U.S. Loosens Iran Sanctions to Smooth Dollar Transactions

  • Treasury guidance allows deals with firms not under sanctions
  • Rules still restrict entry of transactions into U.S. system

A huge picture of Iranian supreme leader Ayatollah Ali Khamenei is erected next to a Qadr-F (L) missile, displayed at a square in southern Tehran, on September 26, 2011 to mark the 'Sacred Defence Week' that commemorates Iran's bloody eight-year war with Iraq. AFP PHOTO/ATTA KENARE (Photo credit should read ATTA KENARE/AFP/Getty Images)

Photographer: Atta Kenare/AFP via Getty Images

The U.S. Treasury Department is loosening sanctions on Iran, relaxing rules on foreigners doing dollar-denominated transactions with businesses in the nation.

The new rules allow such deals with entities in Iran that aren’t under sanctions even if they are minority owned or controlled by someone who is on the sanctions list.

“It is not necessarily sanctionable for a non-U.S. person” to engage in deals with an entity not on the list “but that is minority owned, or that is controlled in whole or in part, by an Iranian or Iran-related person on the” list, the Treasury said in guidance for businesses updated on its website late on Friday. 

It’s the third update to the guidance and was intended to clarify the scope of the sanctions lifting and those that remain in place, according to a department spokesman. The update doesn’t represent additional sanctions relief, the spokesman said in an e-mailed note.

The U.S. lifted some international sanctions in January after inspectors certified that Iran curtailed its nuclear program as promised under a 2015 agreement with world powers. Iranian officials have said the the U.S.’s restriction on dollar-denominated trades involving the nation has inhibited the sealing of additional agreements.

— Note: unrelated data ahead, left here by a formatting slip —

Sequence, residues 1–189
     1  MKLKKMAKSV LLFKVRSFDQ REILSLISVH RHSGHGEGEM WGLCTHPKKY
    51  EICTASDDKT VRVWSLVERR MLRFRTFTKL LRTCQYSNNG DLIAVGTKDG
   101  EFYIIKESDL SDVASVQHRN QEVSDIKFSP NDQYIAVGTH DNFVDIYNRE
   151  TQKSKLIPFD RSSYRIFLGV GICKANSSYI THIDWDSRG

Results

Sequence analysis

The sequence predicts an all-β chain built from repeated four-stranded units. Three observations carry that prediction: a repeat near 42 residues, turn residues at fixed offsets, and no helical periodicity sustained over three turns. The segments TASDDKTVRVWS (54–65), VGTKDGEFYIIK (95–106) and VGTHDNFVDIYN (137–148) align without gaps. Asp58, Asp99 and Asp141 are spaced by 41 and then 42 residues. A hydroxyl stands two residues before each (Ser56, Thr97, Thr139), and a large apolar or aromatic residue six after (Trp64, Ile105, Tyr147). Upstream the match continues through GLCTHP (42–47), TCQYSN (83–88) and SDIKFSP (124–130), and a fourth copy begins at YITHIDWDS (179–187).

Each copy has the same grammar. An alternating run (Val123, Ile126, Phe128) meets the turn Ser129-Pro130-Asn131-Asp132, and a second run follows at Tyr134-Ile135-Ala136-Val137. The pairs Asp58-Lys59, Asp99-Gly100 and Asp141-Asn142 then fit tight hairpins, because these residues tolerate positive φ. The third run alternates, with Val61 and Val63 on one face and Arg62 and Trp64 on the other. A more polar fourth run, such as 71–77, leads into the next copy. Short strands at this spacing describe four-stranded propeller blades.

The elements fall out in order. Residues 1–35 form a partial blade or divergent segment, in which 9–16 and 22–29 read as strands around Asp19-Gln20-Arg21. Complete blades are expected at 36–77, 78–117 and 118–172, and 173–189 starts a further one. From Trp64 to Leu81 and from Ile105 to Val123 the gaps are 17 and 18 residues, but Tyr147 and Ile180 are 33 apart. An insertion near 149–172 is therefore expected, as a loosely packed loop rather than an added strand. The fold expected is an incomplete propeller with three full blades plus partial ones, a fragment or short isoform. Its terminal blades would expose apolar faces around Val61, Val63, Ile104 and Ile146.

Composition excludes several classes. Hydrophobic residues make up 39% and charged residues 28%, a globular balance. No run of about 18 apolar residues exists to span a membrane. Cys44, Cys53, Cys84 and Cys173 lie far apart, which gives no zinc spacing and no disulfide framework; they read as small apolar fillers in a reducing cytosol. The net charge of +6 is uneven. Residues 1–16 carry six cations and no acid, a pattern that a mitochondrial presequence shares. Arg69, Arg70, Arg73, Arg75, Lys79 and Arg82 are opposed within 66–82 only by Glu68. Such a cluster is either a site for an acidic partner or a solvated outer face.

“This is a green light to foreign companies -- they can do business in U.S. dollars with Iran and Iranian parties without worrying about violating sanctions, as long as those dollars don’t touch the U.S. financial system at all,” said Eric Lorber, a senior associate at the Financial Integrity Network advising investors on economic sanctions and regulatory compliance.

“These clarifications are a loosening of sanctions,” said Lorber, who previously worked at the Treasury department. “By making it clear you are providing additional incentives and removing obstacles for companies wanting to go into Iran.”

For more on Iran sanctions, click here.

The new guidance follows the U.S. approval given to Boeing Co. last month to sell commercial jetliners to Iran.

Treasury’s Office of Foreign Assets Control admonished businesses to use caution in engaging with such businesses and to ensure that transactions do not involve anyone on the sanctions list, which includes Iran’s Revolutionary Guards.

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